As I was buying okra at the farmer’s market in New Richmond last Saturday, someone asked me, “What do you do with it?” I said that we liked to fry it. A bystander asked, “But isn’t it slimy?” The answer is yes and no.
Okra is a good source of mucilage. Mixed with water, it’s the slimy sticky stuff that used to come in a bell-shaped bottle with a neat rubber top that you used to make valentines or paper chains in school. Envelopes and stamps used mucilage too. Licking the dry layer of mucilage made stamps stick to envelopes and many envelopes today still use mucilage. It doesn’t have much flavor alone, but flavors can be added, and I remember peppermint envelopes that I really liked.
So okra is slimy and sticky. You will know that just a few seconds after cutting a pod. But if you cook it right, it is a wonderful vegetable that helps give seafood gumbo its velvety texture, thickens soups, complements many other vegetables and makes wonderful pickles. Okra grows best where it is hot, which explains why there are so many southern recipes that use it.
Toni’s fried okra is not slimy. Dave and Toni were two of our closest friends when we lived in Murray, Kentucky and Toni was a great cook. She learned how to fry okra from her grandma and mother when she was growing up in east Tennessee, and she taught Jerri how to do it. Unlike the commercial fried okra that is dipped in batter, Toni’s recipe results in a low carb light and tasty vegetable that goes well with just about any meat you put on the table.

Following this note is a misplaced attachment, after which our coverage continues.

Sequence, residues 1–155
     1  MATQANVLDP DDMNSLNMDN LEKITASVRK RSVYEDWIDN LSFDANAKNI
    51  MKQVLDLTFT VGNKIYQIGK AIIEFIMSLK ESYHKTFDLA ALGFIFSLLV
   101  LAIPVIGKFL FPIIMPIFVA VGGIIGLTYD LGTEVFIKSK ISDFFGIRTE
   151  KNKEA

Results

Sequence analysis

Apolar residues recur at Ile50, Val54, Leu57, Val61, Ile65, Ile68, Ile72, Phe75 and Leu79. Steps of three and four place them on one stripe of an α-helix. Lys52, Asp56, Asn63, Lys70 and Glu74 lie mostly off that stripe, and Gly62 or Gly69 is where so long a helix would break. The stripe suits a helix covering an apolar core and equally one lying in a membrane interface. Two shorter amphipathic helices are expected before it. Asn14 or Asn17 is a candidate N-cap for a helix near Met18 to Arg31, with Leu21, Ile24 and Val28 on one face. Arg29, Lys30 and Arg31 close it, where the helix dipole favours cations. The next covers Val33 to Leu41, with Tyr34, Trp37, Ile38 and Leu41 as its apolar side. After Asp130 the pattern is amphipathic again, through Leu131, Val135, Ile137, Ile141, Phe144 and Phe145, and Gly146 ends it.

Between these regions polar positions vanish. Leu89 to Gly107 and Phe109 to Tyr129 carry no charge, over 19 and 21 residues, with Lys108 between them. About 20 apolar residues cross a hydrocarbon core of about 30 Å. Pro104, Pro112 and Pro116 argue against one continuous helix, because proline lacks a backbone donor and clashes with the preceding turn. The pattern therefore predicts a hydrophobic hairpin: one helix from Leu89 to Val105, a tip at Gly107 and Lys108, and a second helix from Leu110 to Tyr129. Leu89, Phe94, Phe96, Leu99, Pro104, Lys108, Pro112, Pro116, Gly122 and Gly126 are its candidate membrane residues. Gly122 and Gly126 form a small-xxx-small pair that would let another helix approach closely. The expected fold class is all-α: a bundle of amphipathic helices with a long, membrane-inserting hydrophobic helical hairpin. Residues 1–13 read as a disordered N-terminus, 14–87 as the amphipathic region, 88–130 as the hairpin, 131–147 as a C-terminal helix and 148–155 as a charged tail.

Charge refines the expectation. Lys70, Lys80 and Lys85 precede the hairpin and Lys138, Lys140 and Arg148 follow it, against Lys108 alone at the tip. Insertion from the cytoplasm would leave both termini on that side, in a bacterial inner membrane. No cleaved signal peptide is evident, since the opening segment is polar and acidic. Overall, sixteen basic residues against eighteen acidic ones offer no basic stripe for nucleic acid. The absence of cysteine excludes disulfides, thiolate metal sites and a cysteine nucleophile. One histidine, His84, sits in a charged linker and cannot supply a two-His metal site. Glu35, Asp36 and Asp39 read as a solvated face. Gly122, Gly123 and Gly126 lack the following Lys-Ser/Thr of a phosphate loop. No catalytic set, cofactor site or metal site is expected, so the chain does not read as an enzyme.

Making it is absurdly simple. The hardest thing is finding the okra. Even if you count the salt and pepper separately, there are only five ingredients.
Fresh okra pods
Bacon grease or vegetable oil
Coarsely ground yellow cornmeal
Salt and pepper to taste
Wash the okra pods, remove the stem at the base and slice into 1/4 inch rounds. For 2 cups of okra slices, you will need about two tablespoons of grease and 2 or 3 tablespoons of cornmeal.
Heat the grease in a large frying pan until it is moderately hot. Add the okra slices in a single layer and sprinkle them with cornmeal as if you were seasoning them generously. Salt and pepper lightly. Fry over medium heat, turning the okra once or twice, until slightly browned. Serve hot.
NOTE: Okra pods become woody as they grow larger. Choose ones between three and five inches long.